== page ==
The Washington Post today has a rather tepid Federal Diary by Stephen Barr raising more questions about the proposed civil service reforms. It quotes extensively from the rationales for the new regulations issued by DOD and DHS, which rely heavily on vague gestures at the post-9/11 world and the need to respond quickly and flexibly to threats. This is a topic we have covered here and here.
Yes, there is a need to respond quickly and flexibly, and so some call to lend agency managers a greater hand through such things as performance rewards. However, as Barr points out the rhetoric has not been linked directly to the kinds of department-wide changes DOD and DHS are moving toward. While such flexibility might be justified for some positions, it is hard to imagine that it is universally justified regardless of the proximity of its connection to anti-terrorism and security.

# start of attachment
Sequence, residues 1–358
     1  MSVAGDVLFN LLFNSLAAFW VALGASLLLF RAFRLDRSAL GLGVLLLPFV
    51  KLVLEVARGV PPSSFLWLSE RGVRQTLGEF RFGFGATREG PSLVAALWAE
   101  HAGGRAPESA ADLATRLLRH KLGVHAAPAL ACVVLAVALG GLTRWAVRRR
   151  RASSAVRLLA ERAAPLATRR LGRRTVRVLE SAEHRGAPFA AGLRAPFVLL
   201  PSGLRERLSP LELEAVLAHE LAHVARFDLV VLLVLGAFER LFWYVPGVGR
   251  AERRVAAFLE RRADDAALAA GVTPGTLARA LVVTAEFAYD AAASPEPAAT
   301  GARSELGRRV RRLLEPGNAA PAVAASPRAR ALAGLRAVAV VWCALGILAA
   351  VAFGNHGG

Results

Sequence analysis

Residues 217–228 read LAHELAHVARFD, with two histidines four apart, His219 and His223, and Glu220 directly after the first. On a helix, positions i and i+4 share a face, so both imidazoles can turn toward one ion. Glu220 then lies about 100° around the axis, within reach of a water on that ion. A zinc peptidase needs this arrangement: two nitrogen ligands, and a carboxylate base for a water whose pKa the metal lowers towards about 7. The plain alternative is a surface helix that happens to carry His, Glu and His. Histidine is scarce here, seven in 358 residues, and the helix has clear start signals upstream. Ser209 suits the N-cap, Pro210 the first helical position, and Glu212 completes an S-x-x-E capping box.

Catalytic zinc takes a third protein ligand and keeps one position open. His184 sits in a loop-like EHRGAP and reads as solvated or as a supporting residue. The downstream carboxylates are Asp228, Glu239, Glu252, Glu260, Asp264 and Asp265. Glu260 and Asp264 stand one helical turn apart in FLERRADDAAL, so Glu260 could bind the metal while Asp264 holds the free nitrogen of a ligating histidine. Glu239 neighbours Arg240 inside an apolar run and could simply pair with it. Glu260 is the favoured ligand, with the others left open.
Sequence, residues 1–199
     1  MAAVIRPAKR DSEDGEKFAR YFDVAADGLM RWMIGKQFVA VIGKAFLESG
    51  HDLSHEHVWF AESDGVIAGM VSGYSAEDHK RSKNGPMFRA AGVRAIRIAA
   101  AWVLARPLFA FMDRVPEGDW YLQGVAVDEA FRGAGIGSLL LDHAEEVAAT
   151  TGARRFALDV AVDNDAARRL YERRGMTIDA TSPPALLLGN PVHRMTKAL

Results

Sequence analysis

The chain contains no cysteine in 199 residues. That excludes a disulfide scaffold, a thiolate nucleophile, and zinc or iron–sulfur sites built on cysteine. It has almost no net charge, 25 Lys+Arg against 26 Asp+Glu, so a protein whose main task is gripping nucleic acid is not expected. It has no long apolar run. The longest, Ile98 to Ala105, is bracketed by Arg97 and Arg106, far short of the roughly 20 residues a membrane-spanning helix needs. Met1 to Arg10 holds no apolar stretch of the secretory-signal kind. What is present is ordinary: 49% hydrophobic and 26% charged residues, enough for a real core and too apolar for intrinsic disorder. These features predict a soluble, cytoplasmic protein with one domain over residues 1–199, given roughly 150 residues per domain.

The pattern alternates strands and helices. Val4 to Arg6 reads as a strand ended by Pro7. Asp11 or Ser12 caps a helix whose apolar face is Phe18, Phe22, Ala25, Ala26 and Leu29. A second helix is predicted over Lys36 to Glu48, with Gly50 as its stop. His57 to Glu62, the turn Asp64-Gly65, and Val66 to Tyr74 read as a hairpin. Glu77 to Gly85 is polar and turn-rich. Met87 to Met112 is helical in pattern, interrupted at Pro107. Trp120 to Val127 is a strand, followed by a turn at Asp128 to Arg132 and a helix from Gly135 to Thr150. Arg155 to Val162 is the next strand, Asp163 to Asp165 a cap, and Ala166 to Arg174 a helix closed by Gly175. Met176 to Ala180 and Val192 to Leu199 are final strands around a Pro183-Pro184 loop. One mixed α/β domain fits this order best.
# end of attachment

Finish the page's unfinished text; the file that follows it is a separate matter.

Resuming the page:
More troubling, which Barr does not address, is that these same justifications evaporate when transporting the reform proposals to Labor, Education, and Veterans' Affairs. A case can certainly be made for civil service reform, but the Bush Administration has not done so. Intead it appears more like an opportunity to exert greater political control over the federal bureaucracy using -- no surprise -- vague and winking nods to the needs of the post-9/11 world. Now where have we heard that before?
A Senate hearing late last week showed that some in Congress, including the GOP chair of the Senate subcommittee with jurisdiction over the civil service, are skeptical of the need and design of the plan. Government Executive reports that Voinovich, together with the ranking Democrat Akaka, both expressed great skepticism at OMB's enthusiasm to roll out the reforms government-wide without seeing how they play in the two departments for which they were initially intended. Since it requires congressional approval, and federal employee unions are poised to mobilize, there will be a fight. Whereas the unions lost in the rush to create DHS the first time around, they have a much better shot to slow the rush to reform this time.